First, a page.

We’ve been curious about Kickstarter, the crowdfunding company. Why do entrepreneurs turn to crowdfunding, and why particularly is Kickstarter attractive to them?
I’ve been interested in the psychology of how funding-seekers choose Kickstarter. What are they trying to fund, and is what they are funding a lot different than what other entrepreneurs, who are choosing other means of funding, are doing? How does the Kickstarter choice feel on an emotional level? What does someone doing this go through from start to finish, or, in some cases, as they try to reach that funding cap?
We interviewed Corvus Elrod, a self-described “narrative designer,” who sports a really stylish mustache. Corvus has funded two projects through Kickstarter. One of them, a tabletop storytelling platform called Bhaloidam, is still in the process of seeking its funding trigger. Here are some of the reasons for his choosing the platform, and his description of what the experience has done for him.
What are the projects?
The first project was a Flash game called Addicube. The current project is Bhaloidam, a tabletop storytelling platform.
What did you feel when the first project got funded?
Obviously, it felt really good, very affirming. But it also felt a bit daunting because there was a lot of pressure not to let down the people who’d believed in me enough to invest in my idea. I’m working with another studio on this game and various life situation changes have slowed us down over the last year and we’re still working on it. I feel a bit odd about that at times, but at least we haven’t let the project completely die. The same can’t be said for one or two projects I’ve backed in the past.
What do you feel now that the other project is not yet funded?
It’s been a rollercoaster of emotion, but the prevailing trend has been anxiety. Addicube was quite modest and a bit of a side project. Bhaloidam is really my life’s work and I’m unwilling to compromise the quality of what we produce around it. That means we’re asking for considerably more money, yet making less than we did before.
Why do you think the other project has not been funded?
There are two primary reasons. The first is complicated, but involves the psychology of our funding target–$27,900. That total might not even cover all our expenses, production, import fees, shipping to backers, etc. But it’s perceived as being “too high” by some people and they shy away from pledging.
The second reason the Bhaloidam itself. What we’re doing is fundamentally different than anything else in the tabletop space. It’s part board game, part improvisational drama, part role playing game. There are people who immediately “get it” but a lot of people have difficulty wrapping their heads around it until they play it. This makes it tricky to promote successfully and reach everyone.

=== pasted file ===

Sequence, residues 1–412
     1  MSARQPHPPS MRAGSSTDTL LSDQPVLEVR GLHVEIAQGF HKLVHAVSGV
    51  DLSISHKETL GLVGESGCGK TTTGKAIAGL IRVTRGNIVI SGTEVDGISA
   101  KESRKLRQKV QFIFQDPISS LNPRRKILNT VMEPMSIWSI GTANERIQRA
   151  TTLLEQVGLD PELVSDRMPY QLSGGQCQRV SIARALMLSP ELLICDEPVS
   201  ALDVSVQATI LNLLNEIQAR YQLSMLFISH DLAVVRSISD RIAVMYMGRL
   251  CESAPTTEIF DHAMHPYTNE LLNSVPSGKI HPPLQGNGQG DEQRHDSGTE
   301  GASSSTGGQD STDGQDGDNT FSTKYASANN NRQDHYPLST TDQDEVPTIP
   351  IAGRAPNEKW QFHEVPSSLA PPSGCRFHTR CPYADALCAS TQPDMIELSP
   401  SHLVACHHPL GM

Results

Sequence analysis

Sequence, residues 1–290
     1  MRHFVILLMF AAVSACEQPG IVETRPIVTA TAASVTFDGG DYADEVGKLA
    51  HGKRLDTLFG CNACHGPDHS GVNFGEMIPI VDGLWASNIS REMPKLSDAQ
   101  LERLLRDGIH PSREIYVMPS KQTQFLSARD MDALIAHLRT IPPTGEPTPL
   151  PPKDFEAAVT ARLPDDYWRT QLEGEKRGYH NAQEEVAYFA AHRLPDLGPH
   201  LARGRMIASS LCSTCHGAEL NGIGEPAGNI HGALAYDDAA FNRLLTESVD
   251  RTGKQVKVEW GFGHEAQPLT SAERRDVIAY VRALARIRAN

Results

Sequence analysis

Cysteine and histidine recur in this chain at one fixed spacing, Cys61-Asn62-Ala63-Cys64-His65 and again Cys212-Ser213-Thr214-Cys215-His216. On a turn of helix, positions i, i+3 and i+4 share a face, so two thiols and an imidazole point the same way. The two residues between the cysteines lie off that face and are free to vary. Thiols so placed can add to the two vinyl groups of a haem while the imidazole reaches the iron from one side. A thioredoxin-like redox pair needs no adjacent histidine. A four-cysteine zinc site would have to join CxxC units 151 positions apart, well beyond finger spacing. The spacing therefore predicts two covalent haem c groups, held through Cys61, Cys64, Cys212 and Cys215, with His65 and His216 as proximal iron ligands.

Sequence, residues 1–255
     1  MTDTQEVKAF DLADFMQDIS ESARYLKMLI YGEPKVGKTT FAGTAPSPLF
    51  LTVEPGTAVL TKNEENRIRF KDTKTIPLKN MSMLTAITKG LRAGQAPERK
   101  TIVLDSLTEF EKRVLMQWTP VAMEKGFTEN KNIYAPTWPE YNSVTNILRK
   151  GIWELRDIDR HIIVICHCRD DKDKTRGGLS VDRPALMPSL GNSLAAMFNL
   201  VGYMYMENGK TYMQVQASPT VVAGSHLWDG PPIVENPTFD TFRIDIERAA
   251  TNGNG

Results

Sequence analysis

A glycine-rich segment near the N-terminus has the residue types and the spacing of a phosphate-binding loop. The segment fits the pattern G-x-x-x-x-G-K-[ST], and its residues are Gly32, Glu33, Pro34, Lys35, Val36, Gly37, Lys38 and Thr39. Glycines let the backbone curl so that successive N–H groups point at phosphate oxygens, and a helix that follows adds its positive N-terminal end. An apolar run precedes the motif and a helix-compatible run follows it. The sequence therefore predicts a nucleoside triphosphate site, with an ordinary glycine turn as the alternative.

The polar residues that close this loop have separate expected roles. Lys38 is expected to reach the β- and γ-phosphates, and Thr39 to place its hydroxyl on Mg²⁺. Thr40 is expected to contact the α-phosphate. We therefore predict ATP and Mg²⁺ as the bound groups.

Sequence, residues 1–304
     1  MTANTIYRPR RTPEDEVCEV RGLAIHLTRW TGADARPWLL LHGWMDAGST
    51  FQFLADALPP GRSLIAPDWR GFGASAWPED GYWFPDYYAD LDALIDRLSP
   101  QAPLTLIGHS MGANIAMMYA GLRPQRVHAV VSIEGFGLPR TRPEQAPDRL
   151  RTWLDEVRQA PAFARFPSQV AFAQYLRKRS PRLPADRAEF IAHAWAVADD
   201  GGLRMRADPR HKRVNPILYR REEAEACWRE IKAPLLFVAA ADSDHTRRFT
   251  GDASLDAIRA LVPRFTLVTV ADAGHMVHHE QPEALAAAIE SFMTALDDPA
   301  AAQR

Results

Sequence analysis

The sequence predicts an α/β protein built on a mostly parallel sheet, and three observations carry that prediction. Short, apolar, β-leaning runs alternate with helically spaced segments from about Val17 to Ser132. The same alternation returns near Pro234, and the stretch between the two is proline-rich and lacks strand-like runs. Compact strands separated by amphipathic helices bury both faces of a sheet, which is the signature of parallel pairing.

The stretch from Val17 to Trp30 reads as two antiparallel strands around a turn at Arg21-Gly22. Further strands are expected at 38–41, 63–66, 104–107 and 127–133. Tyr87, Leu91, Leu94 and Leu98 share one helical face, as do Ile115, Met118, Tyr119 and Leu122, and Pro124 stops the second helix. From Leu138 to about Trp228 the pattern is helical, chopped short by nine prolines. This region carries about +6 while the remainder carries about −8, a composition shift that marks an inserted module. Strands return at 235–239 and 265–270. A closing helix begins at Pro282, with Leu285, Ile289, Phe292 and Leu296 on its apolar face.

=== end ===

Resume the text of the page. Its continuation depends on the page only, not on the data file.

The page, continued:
What did you want, other than funding for the project, out of your experience with Kickstarter?
You know, I tend to view Kickstarter as a promotional tool. The funding component is nice, but it’s almost secondary to me. And because the overt focus of the site is on the funding, it makes it a more forgiving space to experiment with your messaging. We track which piece of promotion brought in the most backers, what the most frequent questions about the product are, etc. If we were just straight-up marketing Bhaloidam, it would be too expensive for us–both financially and positionally within the market–to take such an exploratory approach.
What is Kickstarter effective at doing for you?
Being on Kickstarter lends a certain amount of credibility to the project. They have worked hard to maintain an atmosphere of respectability and creative integrity around their projects and it pays off. They also provide a certain amount of promotional assistance via the metrics that drive your appearance on certain “Discover” pages, their blog, and their “Project of the Week.”
They also provide a lot of information about how to run a successful project, including tips and tricks for compelling intro videos. And they change the options available for projects as they gather more and more data about which projects are successful. With Addicube, for example, we were able to take up to 90 days for our funding drive. But they discovered that the vast majority of projects that got funded did so in under 60 days, they restricted new projects to 60 or less.
And, of course, having such a firm deadline and funding target gives my studio a lot of focus and energy as we pursue our goal!